When Gabrielle Kelly was in elementary school, there was no competition against her in the classroom, or when she played the “scar game.” From a distance, it may just look like she’s worn too many headbands, but Kelly doesn’t make an effort to hide the perfectly hairless line that arches around her head from ear to ear. The scar serves as a constant reminder of the cranio-facial surgery that saved her life from a birth defect called craniosynostosis and the role chance played in her access to surgery.
Kelly, a second-year undergraduate pre-med and nutritional biochemistry major at Case Western Reserve University, doesn’t take anything for granted. She has realized how lucky she is to be alive in the United States where she has access to simple, life-saving medical procedures. When she learned about Operation Smile, an international children’s medical charity that provides reconstructive surgery for children born with facial deformities, she knew she couldn’t just ignore the chance to give back.
“I just became more empathetic toward people who were less fortunate than me,” said Kelly, president of CWRU’s chapter of Operation Smile since fall 2012. “I’m involved with it because I’ve personally been affected by cranio-facial disorders… It’s just really a treatable cause.”
Established in 2007, the mission of CWRU’s chapter of Operation Smile is to raise awareness about cleft disorders and to raise money for the international umbrella organization. At the international level, Operation Smile is a force of medical professionals who provide reconstructive surgery and medical care in over 60 countries for children born with facial deformities such as cleft lip and cleft palate.
According to the organization’s website, every three minutes, a child is born with a cleft, and one in 10 of those children will die before their first birthday.
“It’s not a condition that you think of as being deadly, but it actually can be very deadly,” Kelly said. “When you see the pictures of the kids [affected by cleft disorders] it just looks like they may have a little bit of a deformity and socially they might not be accepted, but actually a lot of them have problems with eating, drinking, just basic life functions because their internal cavities are all kind of combined,” Kelly said. “Overall, the first thing that people think of when they see you is your face.”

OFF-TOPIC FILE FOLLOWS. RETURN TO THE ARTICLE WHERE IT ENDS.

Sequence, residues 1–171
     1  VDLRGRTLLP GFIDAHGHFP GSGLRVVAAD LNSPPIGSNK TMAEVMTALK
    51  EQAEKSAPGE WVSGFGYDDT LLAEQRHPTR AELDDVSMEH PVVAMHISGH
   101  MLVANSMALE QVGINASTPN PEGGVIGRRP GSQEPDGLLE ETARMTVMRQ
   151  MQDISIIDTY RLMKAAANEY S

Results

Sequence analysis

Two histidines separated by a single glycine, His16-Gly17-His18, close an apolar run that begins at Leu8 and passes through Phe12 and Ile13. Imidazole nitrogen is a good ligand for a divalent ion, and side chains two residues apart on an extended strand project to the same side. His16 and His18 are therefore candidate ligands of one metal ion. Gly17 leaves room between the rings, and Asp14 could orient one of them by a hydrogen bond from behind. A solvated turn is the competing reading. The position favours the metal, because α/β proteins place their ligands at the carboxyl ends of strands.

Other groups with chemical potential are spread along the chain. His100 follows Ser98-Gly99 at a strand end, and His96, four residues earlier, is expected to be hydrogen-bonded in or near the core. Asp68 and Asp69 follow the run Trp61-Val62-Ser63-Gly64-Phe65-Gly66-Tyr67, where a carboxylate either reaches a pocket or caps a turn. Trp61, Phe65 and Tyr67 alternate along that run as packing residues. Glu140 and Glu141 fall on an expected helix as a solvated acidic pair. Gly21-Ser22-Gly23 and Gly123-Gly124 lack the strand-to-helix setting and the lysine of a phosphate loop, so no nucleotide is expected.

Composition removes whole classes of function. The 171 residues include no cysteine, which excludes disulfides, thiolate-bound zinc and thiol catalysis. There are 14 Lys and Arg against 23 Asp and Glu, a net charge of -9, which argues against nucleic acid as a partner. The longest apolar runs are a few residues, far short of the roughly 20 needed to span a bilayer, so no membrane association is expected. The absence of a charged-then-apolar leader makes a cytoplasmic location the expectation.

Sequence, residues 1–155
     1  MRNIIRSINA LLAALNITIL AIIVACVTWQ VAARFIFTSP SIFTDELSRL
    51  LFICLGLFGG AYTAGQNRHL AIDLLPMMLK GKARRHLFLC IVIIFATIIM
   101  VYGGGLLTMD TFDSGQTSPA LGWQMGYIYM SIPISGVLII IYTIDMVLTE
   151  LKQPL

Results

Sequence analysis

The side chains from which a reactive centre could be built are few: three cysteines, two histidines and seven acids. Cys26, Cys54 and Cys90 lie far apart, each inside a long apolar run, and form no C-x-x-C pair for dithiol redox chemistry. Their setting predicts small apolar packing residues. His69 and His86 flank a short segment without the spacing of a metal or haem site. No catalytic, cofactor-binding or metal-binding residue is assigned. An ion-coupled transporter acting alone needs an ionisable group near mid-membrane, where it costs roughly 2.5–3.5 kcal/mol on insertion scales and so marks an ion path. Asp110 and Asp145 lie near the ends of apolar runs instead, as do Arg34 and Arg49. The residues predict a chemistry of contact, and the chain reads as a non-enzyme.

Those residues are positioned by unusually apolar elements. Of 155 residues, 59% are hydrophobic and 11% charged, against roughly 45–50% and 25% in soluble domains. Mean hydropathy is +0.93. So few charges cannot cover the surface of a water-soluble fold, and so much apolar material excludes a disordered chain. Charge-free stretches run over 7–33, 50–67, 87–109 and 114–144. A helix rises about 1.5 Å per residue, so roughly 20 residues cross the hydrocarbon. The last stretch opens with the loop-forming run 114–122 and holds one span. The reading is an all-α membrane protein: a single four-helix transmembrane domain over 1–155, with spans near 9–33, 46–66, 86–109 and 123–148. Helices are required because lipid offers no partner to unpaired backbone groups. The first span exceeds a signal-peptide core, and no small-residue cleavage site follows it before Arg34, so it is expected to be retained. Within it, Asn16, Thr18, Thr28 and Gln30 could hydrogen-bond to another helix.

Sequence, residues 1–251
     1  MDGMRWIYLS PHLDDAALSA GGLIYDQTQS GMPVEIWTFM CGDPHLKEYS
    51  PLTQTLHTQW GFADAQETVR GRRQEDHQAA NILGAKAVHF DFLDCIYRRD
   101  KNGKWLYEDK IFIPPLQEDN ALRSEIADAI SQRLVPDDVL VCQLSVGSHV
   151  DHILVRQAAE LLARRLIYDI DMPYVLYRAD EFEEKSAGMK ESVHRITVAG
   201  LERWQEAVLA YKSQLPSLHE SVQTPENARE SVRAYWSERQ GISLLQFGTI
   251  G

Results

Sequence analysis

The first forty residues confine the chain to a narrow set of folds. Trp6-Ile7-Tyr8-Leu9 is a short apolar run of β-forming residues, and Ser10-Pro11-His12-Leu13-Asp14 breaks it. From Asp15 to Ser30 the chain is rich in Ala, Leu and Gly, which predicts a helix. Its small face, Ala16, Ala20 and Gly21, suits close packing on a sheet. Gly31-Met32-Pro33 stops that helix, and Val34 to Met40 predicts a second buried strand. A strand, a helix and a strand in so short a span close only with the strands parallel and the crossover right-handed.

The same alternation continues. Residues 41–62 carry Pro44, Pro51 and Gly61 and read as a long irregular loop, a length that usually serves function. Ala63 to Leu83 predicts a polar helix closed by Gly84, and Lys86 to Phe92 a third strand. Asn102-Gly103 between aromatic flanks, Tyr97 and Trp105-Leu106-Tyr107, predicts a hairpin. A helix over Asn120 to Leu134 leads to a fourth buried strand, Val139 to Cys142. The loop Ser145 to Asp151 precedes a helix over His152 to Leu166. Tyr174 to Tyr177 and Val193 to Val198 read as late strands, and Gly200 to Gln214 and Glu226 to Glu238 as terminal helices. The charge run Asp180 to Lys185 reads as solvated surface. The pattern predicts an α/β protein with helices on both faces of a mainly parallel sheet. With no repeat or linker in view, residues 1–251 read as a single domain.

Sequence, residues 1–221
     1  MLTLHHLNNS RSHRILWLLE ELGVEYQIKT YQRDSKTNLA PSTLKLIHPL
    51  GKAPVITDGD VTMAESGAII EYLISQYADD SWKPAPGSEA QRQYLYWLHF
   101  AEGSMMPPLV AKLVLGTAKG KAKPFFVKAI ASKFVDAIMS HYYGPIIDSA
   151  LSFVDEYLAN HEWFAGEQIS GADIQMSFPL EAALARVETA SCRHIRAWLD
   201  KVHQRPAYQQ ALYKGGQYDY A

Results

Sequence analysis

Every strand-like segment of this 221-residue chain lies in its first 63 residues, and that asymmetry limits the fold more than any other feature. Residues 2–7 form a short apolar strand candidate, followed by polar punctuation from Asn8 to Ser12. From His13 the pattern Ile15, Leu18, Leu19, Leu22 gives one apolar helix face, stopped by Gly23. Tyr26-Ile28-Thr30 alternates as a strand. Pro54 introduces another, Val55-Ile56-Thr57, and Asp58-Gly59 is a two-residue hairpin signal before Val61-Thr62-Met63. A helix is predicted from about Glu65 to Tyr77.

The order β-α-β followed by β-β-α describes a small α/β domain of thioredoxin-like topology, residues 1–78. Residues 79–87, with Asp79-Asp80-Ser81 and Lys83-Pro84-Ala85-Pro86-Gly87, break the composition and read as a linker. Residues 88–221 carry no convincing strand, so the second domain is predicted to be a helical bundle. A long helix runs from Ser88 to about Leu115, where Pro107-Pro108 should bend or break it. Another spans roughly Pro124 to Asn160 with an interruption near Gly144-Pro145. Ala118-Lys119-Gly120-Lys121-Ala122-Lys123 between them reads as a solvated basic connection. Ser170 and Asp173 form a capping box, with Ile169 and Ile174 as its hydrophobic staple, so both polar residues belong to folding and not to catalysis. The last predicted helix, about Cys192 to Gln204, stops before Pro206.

According to Kelly, the surgical procedures take about 45 minutes and costs $240 through Operation Smile. “The idea is that it’s something that’s very cheap compared to [something like] curing cancer. It’s just something that’s very tangible,” she said.
Operation Smile just wrapped up their latest event last Friday afternoon in the Hovorka Atrium with a speaker panel on facial deformities. About 50 guests attended, and the panel of experts featured geneticist Suzanne Debrosse, pediatric plastic surgeon Gregory Lakin, orthodontist Manish Valiathan, and otolaryngologist James Arnold from University Hospitals’ Rainbow Babies and Children’s Hopsital. The panel was moderated by Karl Rishe, Operation Smile’s advisor and assistant director of residence life for the First Year Experience. Rishe, also a personal patient of cleft palate surgery, provided a middle-ground for all of the questions.
“I think one of the most exciting things about [the event] was one of our speakers, Dr. Lakin, was really interested in getting people involved with the cranio-facial team at University Hospitals. He extended a big opportunity to anyone there if they wanted to get involved with any research, volunteering, or shadowing,” Kelly said.
Additionally, the CWRU chapter of Operation Smile raises money and awareness through community activities such as bake sales and selling t-shirts. Their monetary goal this year is to raise $500, and according to Kelly, they are well on their way.
“There are going to be a lot of upcoming opportunities for people to get involved with doctors specifically, so it’s going to be a really good pre-medical, pre-dental organization for anyone who wants to actually get into the hospital and see how to treat these deformities,” she said.
The club has about 10 regularly active members, and they meet the first Thursday of every month. “It’s definitely a smaller club of regularly active members,” Kelly said. “I just want it to be a bigger club on campus that can do big events.”
With regards to the chance she was given, Kelly never forgets why she’s the president of Operation Smile. “It’s a gift to know that you’re in a position that thousands and thousands of people were never given,” she said. “It definitely puts life in perspective.”
Prepared in partnership with the Student Leadership Journey Council, Spotlight On… is a recurring piece that features Case Western Reserve University student organizations.